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International Monetary Fund. European Dept.

Abstract

This chapter was prepared by Kamil Dybczak, Carlos Mulas Granados, and Ezgi Ozturk with inputs from Vizhdan Boranova, Karim Foda, Keiko Honjo, Raju Huidrom, Nemanja Jovanovic and Svitlana Maslova, under the supervision of Jörg Decressin and the guidance of Gabriel Di Bella. Jaewoo Lee and Petia Topalova provided useful advice and comments. Nomelie Veluz provided administrative support. This chapter reflects data and developments as of September 28, 2020.

International Monetary Fund. European Dept.

Abstract

Christian Ebeke (co-lead), Nemanja Jovanovic, Svitlana Maslova, Francisco Parodi, Laura Valderrama (co-lead), Svetlana Vtyurina, and Jing Zhou prepared this chapter under the supervision of Mahmood Pradhan and the guidance of Laura Papi and Petia Topalova. Jörg Decressin provided useful advice and comments. Jankeesh Sandhu provided outstanding research assistance, and Nomelie Veluz was expertly in charge of administrative support.

International Monetary Fund. External Relations Dept.

(www.imf.org)

International Monetary Fund. External Relations Dept.

“The Challenges Facing the IMF,” Agustin Carstens, IMF Deputy Managing Director, Canberra, Australia, July 27

International Monetary Fund. External Relations Dept.

04/218: IMF Executive Board Completes First Review Under Nepal’s Three-Year PRGF Arrangement and Approves $10.6 Million Disbursement, October 20

Mr. Paul Louis Ceriel Hilbers, Inci Otker-Robe, and Ceyla Pazarbaşioğlu

For policymakers around the world, finding ways to promote faster growth is a top priority. But what exactly do economists know and not know about growth? What direction should future research and policymaking take? This issue explores this topic, starting with a major World Bank study and research coming out of Harvard University that urges less reliance on simple formulas and the elusive search for best practices, and greater reliance on deeper economic analysis to identify each country's binding constraint(s) on growth. Other articles highlight IMF research on pinpointing effective levers for growth in developing countries and Africa's experience with growth accelerations. Also in the issue are pieces examining global economic imbalances, rapid credit growth in Eastern and Central Europe, and ways to boost productivity growth in Europe and Japan. In Straight Talk, Raghuram Rajan argues that if we want microfinance to become more than a fad, it has to follow the clear and unsentimental path of adding value and making money. Asian Development Bank's Haruhiko Kuroda sets out his vision for a new financial architecture in Asia. Finally, Picture This takes an in-depth look at global employment trends.

Mr. Robert J. Corker

IMF staff are projecting a resumption of growth in southeast Europe in 2000. GDP for the region is estimated to have contracted slightly in 1999, in part because of the Kosovo crisis but more so because of underlying macroeconomic and structural problems in the two largest economies, Romania and Croatia. Nevertheless, generally prudent macroeconomic management in most countries has provided a stable environment in which economic growth should rebound quite strongly in 2000 (see upper table). On average, Romania and Croatia are projected to continue to grow more slowly than the smaller countries in the region, but for both countries, growth is projected to firm during the year. In all countries, the sustainability of growth will depend on further progress in addressing macroeconomic imbalances and implementing structural reforms.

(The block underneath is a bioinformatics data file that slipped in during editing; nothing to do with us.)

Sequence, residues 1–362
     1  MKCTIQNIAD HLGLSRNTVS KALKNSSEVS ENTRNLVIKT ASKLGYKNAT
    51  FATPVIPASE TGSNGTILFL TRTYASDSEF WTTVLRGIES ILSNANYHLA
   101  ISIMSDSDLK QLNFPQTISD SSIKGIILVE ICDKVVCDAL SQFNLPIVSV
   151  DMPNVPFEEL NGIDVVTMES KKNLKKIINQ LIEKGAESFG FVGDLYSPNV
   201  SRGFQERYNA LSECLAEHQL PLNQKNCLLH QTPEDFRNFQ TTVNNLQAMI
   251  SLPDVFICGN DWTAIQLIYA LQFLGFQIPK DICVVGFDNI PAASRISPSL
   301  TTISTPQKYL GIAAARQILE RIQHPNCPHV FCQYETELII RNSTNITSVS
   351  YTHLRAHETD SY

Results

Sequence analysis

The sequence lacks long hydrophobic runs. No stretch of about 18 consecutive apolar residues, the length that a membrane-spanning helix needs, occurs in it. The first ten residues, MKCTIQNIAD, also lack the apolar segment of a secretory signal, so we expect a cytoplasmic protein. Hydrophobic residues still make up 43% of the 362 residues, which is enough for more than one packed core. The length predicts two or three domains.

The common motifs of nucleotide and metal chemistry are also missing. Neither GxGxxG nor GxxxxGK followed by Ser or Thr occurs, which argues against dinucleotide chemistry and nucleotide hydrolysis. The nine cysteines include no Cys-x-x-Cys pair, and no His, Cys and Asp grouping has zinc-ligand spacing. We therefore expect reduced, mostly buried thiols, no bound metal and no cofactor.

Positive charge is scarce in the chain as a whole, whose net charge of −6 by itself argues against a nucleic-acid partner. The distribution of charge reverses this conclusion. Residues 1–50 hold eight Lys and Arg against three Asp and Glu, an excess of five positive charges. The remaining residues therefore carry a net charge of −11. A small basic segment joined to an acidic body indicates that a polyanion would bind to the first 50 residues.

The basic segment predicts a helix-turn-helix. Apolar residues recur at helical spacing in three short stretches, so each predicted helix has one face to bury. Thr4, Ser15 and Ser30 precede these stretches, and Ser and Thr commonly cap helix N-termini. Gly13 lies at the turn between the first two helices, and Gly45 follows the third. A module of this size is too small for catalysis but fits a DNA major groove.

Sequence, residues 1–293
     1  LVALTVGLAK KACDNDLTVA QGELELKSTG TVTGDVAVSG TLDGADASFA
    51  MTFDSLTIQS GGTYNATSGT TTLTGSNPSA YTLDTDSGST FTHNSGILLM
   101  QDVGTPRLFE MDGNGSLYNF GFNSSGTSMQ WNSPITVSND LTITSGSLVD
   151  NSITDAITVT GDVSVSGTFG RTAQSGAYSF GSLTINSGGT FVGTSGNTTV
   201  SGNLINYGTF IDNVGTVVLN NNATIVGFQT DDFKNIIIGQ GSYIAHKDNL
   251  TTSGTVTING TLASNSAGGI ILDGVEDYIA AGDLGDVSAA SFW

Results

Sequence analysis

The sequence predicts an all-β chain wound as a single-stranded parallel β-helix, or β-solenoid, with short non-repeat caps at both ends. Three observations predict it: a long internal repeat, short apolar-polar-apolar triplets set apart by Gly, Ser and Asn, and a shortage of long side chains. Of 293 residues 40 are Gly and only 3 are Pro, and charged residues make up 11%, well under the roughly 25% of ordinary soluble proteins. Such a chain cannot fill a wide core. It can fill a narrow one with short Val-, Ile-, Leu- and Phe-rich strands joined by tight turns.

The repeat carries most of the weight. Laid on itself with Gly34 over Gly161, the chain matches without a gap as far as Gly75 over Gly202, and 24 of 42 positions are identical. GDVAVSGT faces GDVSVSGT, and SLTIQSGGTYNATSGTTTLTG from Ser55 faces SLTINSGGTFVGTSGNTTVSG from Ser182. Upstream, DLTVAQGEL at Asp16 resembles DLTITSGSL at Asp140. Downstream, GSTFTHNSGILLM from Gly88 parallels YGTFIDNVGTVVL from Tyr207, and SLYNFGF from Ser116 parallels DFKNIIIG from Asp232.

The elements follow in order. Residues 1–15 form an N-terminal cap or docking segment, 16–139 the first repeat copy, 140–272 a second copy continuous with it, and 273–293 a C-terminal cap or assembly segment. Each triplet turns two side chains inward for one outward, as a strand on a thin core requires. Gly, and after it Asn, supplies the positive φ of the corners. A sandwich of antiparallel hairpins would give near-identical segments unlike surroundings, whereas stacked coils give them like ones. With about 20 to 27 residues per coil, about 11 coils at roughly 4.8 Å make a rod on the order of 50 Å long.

Mr. Mark R. Stone and Seiichi Shimizu

Crisis Stalls Globalization: Reshaping the World Economy" examines the multiple facets of the recession-from the impact on individual economies to the effect on the global payments imbalances that were partially at the root of the crisis-and offers a variety of suggestions for supporting a recovery and averting future crises. Several IMF studies shed light on the depth of the crisis-including a survey of the sharp drop in trade finance, along with quantitative findings about the direct and indirect costs of the financial turbulence-and debate what is to be done from several angles, including the redesign of the regulatory framework and ways to plug large data gaps to prevent future crises and aid in the creation of early warning systems. Opinion pieces discuss the shifting boundaries between the state and markets, the agenda for financial sector reform, and the governance of global financial markets. The issue also includes a historical perspective to see when restructuring the global financial architecture actually succeeds. "People in Economics" profiles Nouriel Roubini; "Back to Basics" looks at what makes a recession; and "Data Spotlight" examines Latin America's debt.